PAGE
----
Harvest chives and mint since they will be dying back soon. Chives are best preserved by freezing. Pot up some chives and bring indoors or place in cold frame for winter harvesting. Harvest fennel or dill seeds. Rosemary, oregano and thyme can be harvested throughout much of the winter. If snow or ice is predicted, cover sage and parsley with fleece to prolong harvesting time. Remove seed heads from lemon balm and garlic chives if you don’t want them to reseed everywhere next year. Don’t forget to water herbs in containers outdoors in the winter. They still dry out. Wrap fleece stuffed with straw around containers to keep the roots from freezing if you have an herb you really want to save and can’t move it indoors.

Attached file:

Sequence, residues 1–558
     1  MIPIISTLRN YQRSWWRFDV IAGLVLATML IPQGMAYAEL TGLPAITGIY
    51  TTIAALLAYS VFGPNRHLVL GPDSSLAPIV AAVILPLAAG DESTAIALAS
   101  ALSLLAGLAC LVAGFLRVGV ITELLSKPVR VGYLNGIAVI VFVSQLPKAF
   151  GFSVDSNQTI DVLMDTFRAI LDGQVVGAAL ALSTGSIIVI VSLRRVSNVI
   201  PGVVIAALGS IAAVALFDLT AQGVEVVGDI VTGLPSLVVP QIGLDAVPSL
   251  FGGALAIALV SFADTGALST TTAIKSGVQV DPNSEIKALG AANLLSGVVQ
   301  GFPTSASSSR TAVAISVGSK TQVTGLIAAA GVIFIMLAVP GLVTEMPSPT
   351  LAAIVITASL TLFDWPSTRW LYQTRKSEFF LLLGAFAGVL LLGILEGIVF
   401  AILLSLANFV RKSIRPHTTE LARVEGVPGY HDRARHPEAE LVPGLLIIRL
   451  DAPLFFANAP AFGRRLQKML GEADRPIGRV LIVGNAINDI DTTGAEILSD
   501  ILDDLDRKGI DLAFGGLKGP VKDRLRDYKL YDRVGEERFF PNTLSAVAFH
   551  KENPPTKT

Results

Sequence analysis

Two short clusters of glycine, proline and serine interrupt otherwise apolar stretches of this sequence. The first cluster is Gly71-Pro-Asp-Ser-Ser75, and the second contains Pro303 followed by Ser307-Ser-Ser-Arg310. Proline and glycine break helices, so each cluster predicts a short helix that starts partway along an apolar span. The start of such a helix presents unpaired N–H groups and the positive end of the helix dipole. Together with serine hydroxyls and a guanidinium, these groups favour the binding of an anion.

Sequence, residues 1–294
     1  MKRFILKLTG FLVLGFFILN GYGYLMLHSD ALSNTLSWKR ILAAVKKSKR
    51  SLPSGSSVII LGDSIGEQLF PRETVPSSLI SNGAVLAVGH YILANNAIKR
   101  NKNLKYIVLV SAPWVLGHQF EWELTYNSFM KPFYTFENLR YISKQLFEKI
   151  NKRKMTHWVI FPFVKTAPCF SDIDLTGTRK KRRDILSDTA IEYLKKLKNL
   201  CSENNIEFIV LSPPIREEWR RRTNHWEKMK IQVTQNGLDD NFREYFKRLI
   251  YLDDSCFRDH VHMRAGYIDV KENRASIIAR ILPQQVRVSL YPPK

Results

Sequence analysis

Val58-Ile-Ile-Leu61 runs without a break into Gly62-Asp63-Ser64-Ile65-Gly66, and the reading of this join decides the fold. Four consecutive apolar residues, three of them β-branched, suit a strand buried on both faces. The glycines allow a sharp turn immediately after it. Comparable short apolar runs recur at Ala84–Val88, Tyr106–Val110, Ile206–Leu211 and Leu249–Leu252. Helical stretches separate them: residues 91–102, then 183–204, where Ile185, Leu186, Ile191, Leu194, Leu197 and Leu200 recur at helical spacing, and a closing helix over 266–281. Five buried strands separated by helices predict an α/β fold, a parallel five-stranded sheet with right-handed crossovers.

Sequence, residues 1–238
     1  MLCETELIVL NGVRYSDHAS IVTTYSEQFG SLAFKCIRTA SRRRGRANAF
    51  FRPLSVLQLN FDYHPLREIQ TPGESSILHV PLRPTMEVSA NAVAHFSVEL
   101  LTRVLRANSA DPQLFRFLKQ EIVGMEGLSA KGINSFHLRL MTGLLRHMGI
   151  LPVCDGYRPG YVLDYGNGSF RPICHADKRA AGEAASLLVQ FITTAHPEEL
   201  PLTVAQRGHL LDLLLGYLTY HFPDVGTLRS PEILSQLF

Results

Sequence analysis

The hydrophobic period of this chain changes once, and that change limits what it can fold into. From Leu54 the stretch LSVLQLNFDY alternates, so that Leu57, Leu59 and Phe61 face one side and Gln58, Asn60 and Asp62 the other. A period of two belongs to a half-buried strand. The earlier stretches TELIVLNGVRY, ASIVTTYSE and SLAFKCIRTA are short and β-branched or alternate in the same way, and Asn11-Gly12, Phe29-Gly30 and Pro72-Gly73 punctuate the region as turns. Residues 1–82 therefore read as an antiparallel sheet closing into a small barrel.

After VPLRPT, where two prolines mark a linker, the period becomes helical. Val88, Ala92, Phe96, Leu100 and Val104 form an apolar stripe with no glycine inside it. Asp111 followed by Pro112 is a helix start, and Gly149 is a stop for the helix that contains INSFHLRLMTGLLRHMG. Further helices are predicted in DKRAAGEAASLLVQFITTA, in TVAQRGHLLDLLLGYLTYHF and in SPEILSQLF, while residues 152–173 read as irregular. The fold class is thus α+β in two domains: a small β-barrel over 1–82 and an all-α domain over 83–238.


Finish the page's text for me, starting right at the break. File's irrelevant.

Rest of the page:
Be sure that you have weatherproof labels by the herbs in the garden if you have more than one variety of an herb or draw a map of your garden so that if a label is missing in the spring, you still can identify the plant.

Plant any herbs that require stratification (a period of alternately freezing and thawing temperatures needed by some seeds to germinate.) Some examples of these are arnica, sweetgrass, sweet cicely, angelica, soapwort.

Continue with clean up or bed preparation for next year. Get a soil test if desired.

Plan for next year. Seed catalogs are already starting to arrive in the mail. Nichols Garden Herbs has a discount on seed packets for the next few days. Good sources for herb seeds and plants are: Companion Plants, Richters Herbs, Johnny’s Seeds, Nichols Herbs, Seeds of Change, Pantry Garden Herbs, Pinetree Garden Seeds, Bakers’ Creek, Mountain Valley Growers and Seeds of Italy. Most nurseries will no longer ship plants at this time of the year.